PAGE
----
The Construction Advantage
In this new edition of The Construction Advantage, Mike Bosse reports on OSHA’s final rule on silicia, Asha Echeverria reviews an ongoing case in Canadian courts, and Conor Shankman covers contract price enforcement after a nine year suspension of the project work.
OSHA Provides Final Rule on Silicia – Major Changes Likely Ahead for the Construction Industry
On March 24, 2016, the Occupational Safety and Health Administration issued its final rule on crystalline silica. As many know, everyone has been waiting for this OSHA final rule on silica to come out, and now major portions of the construction industry will have to grapple with it. The new rule will have consequences for the construction industry going forward, and measures that will have to be put in place during the next year for construction companies. The construction attorneys at Bernstein Shur are studying the rule and its implications and will assist clients through the upcoming compliance process.
Crystalline silica is a common mineral that is found in materials that we see every days in roads, buildings and sidewalks. It is a common component of sand, stone, concrete, brick, block and mortar. Silica exposure can occur from construction activities such as cutting, sawing, drilling, and crushing of concrete, brick, block, rock and stone products and operations that use sand products such as sand blasting and hydraulic fracturing. Silica also is carcinogenic and has been linked to silicosis, lung cancer and kidney disease.
OSHA acted to change silica exposure limits that had been in place for over 40 years and were based on research from the 1960s. OSHA estimated that currently, more than 840,000 construction workers are exposed annually to unreasonable levels of silica. The new rule sets a permissible exposure limit that exposure to airborne crystalline silica cannot exceed 50 micrograms per cubic meter of air for an average eight hour day. The new rule could impact between half a million and a million workplaces and will require employers in a broad range of industries, including construction, to put in place new procedures to reduce the possible exposure of workers to silica.
Employers also are going to have additional obligations in complying with the final rule. For instance, they will have to implement procedures so that the silica amounts can be measured to determine if the 50 PEL limit is being hit. Companies will have to ensure that work practices exist such that silica dust is wetted down or vacuumed up before workers can breathe it in. Additionally, companies will have to develop a written exposure control plan, train workers on silica’s dangers and how to limit exposure to silica. Under certain circumstances, employers may have to offer continuing medical exams, such as chest x-rays and lung function tests, to those workers who are exposed to silica. Each company will have to have a competent person who implements the written exposure control plan. Finally, employers may also have to provide workers with respirators or limit work areas where there is a potential high exposure of silica. OSHA’s estimate is that the new rule will cost $511 million each year on the implementation cost just for the construction industry. Employers, of course, believe that the cost may be much greater than OSHA’s estimate.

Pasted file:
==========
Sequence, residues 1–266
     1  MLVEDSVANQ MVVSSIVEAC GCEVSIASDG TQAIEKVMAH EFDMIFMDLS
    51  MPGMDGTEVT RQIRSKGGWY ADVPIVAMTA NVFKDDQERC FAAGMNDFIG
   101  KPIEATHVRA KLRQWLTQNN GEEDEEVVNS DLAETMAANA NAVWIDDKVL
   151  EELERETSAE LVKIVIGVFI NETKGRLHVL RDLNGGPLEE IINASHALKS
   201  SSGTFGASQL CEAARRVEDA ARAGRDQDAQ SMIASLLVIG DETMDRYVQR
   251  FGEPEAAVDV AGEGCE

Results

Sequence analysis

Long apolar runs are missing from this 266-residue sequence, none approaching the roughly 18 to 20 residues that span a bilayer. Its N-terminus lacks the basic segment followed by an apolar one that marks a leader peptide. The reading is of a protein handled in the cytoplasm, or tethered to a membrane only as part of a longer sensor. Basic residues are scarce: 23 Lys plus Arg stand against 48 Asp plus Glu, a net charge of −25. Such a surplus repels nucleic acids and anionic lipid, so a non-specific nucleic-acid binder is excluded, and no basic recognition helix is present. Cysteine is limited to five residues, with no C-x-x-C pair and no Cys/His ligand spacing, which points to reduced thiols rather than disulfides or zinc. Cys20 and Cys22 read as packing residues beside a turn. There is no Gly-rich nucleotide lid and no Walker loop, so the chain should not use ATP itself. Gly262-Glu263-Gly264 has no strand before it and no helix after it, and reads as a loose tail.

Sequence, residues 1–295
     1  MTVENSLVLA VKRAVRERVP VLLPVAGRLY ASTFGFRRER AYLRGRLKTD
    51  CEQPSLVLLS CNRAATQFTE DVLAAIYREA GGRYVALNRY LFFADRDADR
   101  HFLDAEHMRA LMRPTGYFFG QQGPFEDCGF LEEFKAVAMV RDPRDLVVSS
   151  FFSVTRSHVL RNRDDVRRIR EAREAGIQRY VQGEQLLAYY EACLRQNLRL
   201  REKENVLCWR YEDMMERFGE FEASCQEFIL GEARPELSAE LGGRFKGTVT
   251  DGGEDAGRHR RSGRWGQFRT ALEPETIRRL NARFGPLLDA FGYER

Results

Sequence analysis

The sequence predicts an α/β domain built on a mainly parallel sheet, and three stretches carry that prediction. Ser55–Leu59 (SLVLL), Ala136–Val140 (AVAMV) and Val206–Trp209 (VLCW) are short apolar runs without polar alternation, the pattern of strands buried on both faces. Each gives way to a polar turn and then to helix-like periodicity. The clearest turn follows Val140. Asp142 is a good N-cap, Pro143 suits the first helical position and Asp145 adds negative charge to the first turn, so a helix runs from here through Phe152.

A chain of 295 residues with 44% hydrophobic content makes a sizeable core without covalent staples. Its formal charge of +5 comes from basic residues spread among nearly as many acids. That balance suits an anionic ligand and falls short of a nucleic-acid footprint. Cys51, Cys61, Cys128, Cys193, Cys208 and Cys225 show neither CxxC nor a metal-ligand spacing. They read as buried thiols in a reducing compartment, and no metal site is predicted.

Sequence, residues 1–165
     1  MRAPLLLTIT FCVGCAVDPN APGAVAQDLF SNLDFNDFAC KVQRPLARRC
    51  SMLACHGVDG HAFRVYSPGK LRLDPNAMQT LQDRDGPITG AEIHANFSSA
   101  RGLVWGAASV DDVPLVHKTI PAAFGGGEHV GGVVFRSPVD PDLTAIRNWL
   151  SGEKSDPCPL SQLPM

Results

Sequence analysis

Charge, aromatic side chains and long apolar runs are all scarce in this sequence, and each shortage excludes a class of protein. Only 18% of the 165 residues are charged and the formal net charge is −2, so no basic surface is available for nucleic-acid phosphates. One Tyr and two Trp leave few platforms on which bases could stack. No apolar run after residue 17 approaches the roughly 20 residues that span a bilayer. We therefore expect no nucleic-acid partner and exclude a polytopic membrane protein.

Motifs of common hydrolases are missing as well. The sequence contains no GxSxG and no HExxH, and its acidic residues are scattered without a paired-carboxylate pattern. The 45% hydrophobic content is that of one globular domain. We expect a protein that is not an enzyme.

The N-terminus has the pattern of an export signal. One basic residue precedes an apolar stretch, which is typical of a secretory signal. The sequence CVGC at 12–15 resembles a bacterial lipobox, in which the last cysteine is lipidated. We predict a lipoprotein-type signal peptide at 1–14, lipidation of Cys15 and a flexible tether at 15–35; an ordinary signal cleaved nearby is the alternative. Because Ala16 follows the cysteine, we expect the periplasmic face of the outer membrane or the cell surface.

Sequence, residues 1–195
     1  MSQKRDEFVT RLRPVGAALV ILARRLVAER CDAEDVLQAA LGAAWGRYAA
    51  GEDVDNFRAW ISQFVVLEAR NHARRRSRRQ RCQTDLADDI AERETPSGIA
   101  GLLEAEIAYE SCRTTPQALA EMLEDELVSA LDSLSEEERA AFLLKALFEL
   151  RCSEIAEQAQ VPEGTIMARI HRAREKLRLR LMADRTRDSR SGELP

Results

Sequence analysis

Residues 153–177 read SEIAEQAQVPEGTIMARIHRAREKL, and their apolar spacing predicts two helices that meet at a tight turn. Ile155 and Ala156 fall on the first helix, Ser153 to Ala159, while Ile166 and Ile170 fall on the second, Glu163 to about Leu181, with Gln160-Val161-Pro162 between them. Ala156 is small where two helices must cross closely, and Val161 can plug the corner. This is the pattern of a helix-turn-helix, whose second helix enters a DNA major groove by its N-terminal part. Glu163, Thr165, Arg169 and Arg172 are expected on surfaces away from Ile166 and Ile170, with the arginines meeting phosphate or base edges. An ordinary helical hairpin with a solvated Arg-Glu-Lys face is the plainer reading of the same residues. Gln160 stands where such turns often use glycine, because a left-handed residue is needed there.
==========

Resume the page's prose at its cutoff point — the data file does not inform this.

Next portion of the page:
Construction employers must comply with the requirements of the final rule by June 23, 2017, except for requirements for laboratory evaluation of samples, which begin on June 23, 2018. That means that only one construction season exists before implementation must occur.
Ledcor v. Northbridge Indemnity Co.: A Battle in Canada Over Builders’ Risk Coverage
In late March, the Supreme Court of Canada heard arguments on a case that will draw the line on insurance coverage between “faulty workmanship” and “resulting damage” under a comprehensive builder’s risk policy. In the case Ledcor v. Northbridge Indemnity Co., the construction manager, Ledcor Construction Ltd., procured an insurance policy naming both the construction manager and owner, Station Lands, Ltd., as insureds to cover “direct physical loss or damage” subject to stated exclusions. Toward the completion of the project, the owner hired a contractor, Bristol Cleaning, to clean the windows of all construction waste and debris. During the cleaning process, Bristol Cleaning damaged a number of windows that required replacement. The insurer denied coverage for the claim related to the windows because the policy “does not insure . . . the cost of making good faulty workmanship, construction materials or design unless physical damage not otherwise excluded by this policy results, in which event this policy shall insure such resulting damage.”